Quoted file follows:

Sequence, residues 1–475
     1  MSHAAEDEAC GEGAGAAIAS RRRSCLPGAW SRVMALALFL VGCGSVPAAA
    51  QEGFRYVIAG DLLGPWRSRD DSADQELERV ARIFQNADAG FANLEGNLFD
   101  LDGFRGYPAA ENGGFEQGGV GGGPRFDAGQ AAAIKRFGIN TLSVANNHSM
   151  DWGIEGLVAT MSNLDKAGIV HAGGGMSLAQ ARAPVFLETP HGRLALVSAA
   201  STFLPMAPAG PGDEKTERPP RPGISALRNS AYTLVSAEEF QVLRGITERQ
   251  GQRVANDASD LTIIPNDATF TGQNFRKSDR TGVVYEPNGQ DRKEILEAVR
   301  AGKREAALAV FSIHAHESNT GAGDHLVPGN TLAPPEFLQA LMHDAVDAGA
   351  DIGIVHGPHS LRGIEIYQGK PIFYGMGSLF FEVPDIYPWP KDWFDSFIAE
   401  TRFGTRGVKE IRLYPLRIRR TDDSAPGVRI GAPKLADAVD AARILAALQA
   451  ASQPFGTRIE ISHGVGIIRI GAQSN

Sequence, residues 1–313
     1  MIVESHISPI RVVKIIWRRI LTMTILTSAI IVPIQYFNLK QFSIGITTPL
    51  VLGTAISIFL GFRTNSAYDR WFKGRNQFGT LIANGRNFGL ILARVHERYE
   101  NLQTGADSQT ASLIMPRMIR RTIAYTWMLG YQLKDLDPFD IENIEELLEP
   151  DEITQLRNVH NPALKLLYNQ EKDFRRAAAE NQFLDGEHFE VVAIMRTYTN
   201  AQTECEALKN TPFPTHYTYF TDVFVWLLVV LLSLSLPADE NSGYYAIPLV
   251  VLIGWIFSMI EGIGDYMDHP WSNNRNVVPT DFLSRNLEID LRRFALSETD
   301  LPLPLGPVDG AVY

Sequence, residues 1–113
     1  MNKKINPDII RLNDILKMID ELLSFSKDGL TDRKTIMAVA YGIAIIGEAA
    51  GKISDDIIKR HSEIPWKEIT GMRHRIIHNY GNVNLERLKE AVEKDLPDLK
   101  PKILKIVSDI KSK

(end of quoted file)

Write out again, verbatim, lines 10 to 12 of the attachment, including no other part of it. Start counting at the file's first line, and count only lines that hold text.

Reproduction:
   401  TRFGTRGVKE IRLYPLRIRR TDDSAPGVRI GAPKLADAVD AARILAALQA
   451  ASQPFGTRIE ISHGVGIIRI GAQSN

Sequence, residues 1–313